"In the absence of facts, myths end up driving our politics," he says. "I have yet to meet a politician who, when tempted, won't wind up using some myth to try to provoke a response from the audience."

And the next thing you know, you've got terrorists in living rooms and rumors over book burnings. Or more benign myths, like The Rags-to-Riches Candidate. The Hero. All these tropes play on our passions, not our reason.

"I hate to sound like a 19th century school marm," Shenkman says. "But you know what, it's not asking Americans too much to spend five or six minutes a day, taking one big issue on the front page of the paper, read all the way to the end, even if it goes past page 38. Everyone can be an informed voter, and that's what I want us to do."

Economist Bryan Caplan has a slightly more extreme strategy when it comes to the question of voter ignorance. "A much better ethos," he says, "would be to stop encouraging people to vote if they don't know what's going on." Caplan is the author of the book "The Myth of the Rational Voter." "Right now if you want to become a U.S. citizen and vote, you have to pass a test of civic knowledge," he says. "I don't see why Americans shouldn't have to pass the same test that they give to naturalized citizens."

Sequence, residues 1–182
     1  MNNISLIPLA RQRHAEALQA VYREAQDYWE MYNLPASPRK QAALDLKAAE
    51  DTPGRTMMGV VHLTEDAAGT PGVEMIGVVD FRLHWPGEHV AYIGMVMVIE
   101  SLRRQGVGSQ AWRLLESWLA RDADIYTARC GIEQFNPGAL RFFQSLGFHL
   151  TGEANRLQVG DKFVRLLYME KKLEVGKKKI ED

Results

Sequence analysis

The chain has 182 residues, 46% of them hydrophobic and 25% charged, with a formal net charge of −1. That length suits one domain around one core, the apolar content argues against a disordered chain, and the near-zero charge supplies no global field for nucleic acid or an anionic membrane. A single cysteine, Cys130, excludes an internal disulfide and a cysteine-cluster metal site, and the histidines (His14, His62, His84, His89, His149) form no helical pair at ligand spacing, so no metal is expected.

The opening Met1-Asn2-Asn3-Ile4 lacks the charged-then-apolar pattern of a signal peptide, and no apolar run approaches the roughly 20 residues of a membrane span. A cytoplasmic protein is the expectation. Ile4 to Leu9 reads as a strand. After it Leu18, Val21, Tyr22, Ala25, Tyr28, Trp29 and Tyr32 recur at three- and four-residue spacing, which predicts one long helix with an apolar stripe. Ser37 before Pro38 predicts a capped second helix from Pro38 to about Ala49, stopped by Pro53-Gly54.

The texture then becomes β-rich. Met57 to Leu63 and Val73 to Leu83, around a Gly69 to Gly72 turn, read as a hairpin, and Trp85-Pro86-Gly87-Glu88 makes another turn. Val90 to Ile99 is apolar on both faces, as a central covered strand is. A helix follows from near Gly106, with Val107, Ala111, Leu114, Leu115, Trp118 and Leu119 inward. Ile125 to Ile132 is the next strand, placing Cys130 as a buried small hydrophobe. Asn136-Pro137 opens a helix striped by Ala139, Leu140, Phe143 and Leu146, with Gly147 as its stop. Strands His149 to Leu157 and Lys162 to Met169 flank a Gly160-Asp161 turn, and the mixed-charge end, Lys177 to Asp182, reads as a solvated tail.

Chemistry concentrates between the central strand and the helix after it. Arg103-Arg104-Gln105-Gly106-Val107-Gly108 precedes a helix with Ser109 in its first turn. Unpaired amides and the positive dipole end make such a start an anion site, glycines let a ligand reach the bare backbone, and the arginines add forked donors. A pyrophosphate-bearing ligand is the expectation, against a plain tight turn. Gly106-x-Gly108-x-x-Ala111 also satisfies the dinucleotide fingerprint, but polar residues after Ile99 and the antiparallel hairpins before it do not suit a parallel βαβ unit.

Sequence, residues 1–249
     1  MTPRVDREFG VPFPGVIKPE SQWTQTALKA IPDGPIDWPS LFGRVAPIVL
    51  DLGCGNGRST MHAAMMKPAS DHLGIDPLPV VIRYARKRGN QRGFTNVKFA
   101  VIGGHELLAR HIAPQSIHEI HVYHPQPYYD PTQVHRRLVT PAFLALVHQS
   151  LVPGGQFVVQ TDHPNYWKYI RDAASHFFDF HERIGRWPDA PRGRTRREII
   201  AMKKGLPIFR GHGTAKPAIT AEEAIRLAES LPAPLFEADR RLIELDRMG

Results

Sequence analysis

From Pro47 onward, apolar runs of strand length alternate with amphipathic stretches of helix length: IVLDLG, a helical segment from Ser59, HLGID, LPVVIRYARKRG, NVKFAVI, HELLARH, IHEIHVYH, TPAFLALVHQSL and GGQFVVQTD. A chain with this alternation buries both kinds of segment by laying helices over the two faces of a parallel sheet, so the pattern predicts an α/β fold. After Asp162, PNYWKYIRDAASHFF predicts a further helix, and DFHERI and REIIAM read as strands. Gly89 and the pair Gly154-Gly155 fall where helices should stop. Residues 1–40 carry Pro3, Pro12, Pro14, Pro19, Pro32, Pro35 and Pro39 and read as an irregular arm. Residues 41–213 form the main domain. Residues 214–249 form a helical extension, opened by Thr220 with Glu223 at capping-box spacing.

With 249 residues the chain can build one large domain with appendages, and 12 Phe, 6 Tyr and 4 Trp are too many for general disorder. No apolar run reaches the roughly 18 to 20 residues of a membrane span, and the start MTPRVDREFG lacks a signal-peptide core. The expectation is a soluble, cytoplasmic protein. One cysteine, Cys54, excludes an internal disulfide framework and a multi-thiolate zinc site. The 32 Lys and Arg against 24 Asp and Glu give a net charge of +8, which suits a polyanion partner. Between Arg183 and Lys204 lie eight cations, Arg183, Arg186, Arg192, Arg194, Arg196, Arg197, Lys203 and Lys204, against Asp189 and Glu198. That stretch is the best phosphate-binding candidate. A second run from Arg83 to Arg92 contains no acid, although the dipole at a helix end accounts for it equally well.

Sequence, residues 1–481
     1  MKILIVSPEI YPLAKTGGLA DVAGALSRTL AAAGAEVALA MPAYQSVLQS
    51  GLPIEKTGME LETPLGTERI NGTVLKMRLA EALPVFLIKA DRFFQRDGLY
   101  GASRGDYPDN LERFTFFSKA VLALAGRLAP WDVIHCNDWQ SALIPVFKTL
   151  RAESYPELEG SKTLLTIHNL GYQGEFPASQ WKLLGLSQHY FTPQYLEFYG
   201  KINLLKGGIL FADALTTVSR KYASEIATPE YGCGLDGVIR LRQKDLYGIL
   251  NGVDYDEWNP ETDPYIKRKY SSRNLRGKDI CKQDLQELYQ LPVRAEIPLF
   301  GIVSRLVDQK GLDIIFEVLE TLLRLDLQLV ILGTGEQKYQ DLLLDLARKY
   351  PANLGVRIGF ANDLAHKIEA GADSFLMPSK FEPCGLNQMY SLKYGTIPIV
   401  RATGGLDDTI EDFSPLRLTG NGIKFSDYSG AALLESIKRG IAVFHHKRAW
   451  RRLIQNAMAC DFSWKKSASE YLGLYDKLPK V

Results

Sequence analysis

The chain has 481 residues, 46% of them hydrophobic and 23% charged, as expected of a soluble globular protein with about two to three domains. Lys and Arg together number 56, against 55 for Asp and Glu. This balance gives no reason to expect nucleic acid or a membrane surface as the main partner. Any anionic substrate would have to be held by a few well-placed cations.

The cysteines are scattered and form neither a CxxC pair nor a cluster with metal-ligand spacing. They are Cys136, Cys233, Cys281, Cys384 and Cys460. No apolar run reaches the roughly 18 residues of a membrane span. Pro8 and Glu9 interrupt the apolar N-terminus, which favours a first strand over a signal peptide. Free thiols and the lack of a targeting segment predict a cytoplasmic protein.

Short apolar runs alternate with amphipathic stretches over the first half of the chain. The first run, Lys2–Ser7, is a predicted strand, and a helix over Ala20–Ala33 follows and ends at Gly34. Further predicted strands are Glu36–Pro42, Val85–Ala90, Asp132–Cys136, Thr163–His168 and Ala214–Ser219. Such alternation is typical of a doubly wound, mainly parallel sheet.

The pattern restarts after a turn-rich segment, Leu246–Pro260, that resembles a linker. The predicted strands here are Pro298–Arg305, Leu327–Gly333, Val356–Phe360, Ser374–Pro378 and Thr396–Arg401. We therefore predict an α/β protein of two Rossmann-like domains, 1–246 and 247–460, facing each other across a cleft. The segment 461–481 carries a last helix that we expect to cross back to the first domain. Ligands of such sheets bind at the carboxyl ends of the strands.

Caplan is quick to point out he would not want voting rights to hinge on race or gender or income. Just being well-informed. "And of course if you take a look at the test," Caplan adds, "you realize probably most Americans could not pass it."

I take Caplan up on his suggestion, and head to the corner of 16th and Potrero in San Francisco, to a bus stop, where I ask people how much they know about the basics of the U.S. government. Almost everyone I talk to here says they're planning to vote in this election. I start the questions. First, what's the main philosophical difference between the Republican and Democratic parties? I'm met with a lot of awkward silences, a few guesses, and only one person who gets close.